Herald: Refunding visa fees may not be the solution

Refunding visa fees may not be the solution

14 Feb 2019 07:03am IST
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14 Feb 2019 07:03am IST

A high level meeting of tourism stakeholders with the government that met to discuss the drop in foreign tourist arrivals zeroed in on the reason for this and also came up with a suggestion. The reason is the high visa prices, the solution is a refund, even partial, of the visa prices to tourists who stay at registered hotels. 

Seems a rather simple solution, but did the participants at the high level meeting pause to consider the quality of tourists that will be attracted by a refund of the visa fees? This will not bring quality tourists or the high spenders. It will bring the budget tourists to the State. Is this the kind of tourism we are promoting? If the State is serious about revamping tourism and is looking at getting to Goa quality tourists who will spend, then a refund of visa fees is not the answer to the current troubles that the industry is experiencing. 

The visa fees are decided by the Union Government and are the same for a tourist holidaying anywhere in the country. Has Goa Tourism statistics to substantiate that the visa fees have led to a decline of tourists in other States too? Or is this peculiar to Goa? A month ago Herald had reported of tourists blaming ‘stringent visa rules’ for giving Goa a miss. Fees had not been mentioned by the tourists.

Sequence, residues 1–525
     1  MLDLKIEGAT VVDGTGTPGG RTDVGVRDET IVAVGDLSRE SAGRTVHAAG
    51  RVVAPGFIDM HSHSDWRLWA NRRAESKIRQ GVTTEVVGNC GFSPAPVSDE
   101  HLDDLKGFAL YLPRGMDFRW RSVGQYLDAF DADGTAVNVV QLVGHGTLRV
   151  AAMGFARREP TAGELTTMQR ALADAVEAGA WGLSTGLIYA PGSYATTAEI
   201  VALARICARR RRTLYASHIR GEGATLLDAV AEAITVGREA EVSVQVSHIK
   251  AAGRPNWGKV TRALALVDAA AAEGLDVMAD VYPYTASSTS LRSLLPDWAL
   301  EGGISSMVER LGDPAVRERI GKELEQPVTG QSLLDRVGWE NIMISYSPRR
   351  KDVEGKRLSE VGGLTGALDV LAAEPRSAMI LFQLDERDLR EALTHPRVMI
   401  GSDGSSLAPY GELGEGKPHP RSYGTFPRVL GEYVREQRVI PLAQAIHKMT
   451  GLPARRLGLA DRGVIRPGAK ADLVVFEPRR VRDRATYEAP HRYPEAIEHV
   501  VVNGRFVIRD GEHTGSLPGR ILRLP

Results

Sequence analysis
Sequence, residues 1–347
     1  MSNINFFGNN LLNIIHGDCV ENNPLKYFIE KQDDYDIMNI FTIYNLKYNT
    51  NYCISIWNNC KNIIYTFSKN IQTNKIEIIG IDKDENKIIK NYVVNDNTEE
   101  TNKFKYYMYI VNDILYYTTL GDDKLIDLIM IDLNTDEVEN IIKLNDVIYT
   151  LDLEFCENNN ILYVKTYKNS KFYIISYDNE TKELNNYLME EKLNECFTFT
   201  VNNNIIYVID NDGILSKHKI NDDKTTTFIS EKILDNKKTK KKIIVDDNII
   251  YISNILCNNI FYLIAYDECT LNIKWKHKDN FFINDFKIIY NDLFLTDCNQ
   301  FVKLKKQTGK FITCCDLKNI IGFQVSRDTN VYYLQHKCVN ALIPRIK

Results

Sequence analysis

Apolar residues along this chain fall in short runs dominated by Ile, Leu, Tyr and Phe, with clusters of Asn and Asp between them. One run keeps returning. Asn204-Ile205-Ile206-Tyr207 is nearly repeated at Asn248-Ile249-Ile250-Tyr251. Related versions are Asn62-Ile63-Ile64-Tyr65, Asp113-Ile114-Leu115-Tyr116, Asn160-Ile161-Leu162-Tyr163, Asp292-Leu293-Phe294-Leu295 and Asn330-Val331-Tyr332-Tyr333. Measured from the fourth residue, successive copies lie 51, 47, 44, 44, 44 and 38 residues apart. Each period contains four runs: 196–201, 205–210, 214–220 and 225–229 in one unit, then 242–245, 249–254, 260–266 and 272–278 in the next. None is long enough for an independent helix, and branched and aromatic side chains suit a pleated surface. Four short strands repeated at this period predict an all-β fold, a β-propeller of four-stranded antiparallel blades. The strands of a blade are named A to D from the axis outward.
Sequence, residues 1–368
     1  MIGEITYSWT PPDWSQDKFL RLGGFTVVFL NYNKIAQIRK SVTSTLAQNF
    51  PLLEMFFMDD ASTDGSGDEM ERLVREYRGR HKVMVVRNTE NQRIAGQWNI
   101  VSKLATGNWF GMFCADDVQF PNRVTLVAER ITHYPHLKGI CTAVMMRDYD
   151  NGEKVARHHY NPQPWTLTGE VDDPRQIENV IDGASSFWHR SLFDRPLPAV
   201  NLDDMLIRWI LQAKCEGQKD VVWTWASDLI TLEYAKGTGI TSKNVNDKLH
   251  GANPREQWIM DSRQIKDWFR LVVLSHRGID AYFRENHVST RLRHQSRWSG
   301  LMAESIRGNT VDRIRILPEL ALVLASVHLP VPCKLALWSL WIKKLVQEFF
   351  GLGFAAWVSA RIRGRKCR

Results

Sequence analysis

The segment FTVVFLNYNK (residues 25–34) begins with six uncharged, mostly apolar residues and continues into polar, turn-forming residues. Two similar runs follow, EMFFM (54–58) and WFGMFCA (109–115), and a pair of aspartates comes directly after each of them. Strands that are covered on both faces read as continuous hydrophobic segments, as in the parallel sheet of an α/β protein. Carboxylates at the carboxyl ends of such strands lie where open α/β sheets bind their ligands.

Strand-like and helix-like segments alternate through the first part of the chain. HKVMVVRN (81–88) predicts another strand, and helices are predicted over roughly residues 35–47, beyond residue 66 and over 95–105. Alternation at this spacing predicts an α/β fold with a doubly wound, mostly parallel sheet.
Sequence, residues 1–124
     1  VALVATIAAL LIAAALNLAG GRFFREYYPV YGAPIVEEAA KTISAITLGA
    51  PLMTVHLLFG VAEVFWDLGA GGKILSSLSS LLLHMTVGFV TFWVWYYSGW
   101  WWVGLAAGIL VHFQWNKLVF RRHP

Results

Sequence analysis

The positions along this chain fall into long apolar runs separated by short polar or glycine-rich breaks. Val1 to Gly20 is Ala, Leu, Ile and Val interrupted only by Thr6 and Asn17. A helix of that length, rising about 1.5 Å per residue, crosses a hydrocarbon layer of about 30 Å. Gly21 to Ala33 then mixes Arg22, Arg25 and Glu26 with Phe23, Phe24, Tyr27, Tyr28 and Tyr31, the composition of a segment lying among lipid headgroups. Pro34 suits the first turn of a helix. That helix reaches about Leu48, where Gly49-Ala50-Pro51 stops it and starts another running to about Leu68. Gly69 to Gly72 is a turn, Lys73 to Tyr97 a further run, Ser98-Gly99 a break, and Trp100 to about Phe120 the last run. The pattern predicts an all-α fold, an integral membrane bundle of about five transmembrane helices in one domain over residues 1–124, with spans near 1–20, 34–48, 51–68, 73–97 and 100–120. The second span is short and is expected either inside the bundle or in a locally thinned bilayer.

The high level meeting appears to have missed discussing some crucial points that need to be tackled to give tourism in Goa a new lease of life. Perhaps talking to tourists may have given the stakeholders are better idea of what the tourists want.

A few weeks ago a video was being forwarded on social media that showed a foreign tourist seated at a shack and speaking on why she was disappointed with Goa. The tourist, a lady, said she had been coming to Goa for several years but this may be the last time she has made the trip. The reason was the lack of facilities. She said there were no facilities for garbage, no toilet facilities. Even as she was saying this and having her breakfast, there were government authorities measuring the shack, another issue that irked her. Her question was: Why come here, when there was Thailand, Indonesia which were easier to get to, with no hassle from the police, “I come to relax, and this is certainly not relaxing,” the tourist said. Yes, she did refer to the cost of the visa, and said, “For that amount of money we expect facilities.”

This may be one tourist speaking, but what she says resonates, as what the tourists holidaying in Goa expect is facilities. They don’t mind paying high visa fees, as long as they get a relaxing holiday, as long as the beaches are clean, as long as they are not disturbed by hawkers on the beach, as long as they are not charged exorbitantly by taxi drivers, as long as they feel safe when on the beach or walking on the streets of Goa. If these basic facilities and securities are in place, then tourists will come, even if the visa fees are high. The aim has to be in attracting the high spenders, so they have to be offered a service in return for their spending. That is where Goa fails.

Ironically, these are not new issues plaguing the tourism industry in Goa. They are decades old and there has been no solution found for them. If Goa is earning from the tourists holidaying in the State, then certain facilities have to be offered in return. The visa fees are not much higher than what Indians pay to travel abroad. Refunding them does not appear to be the solution for Goa Tourism. 

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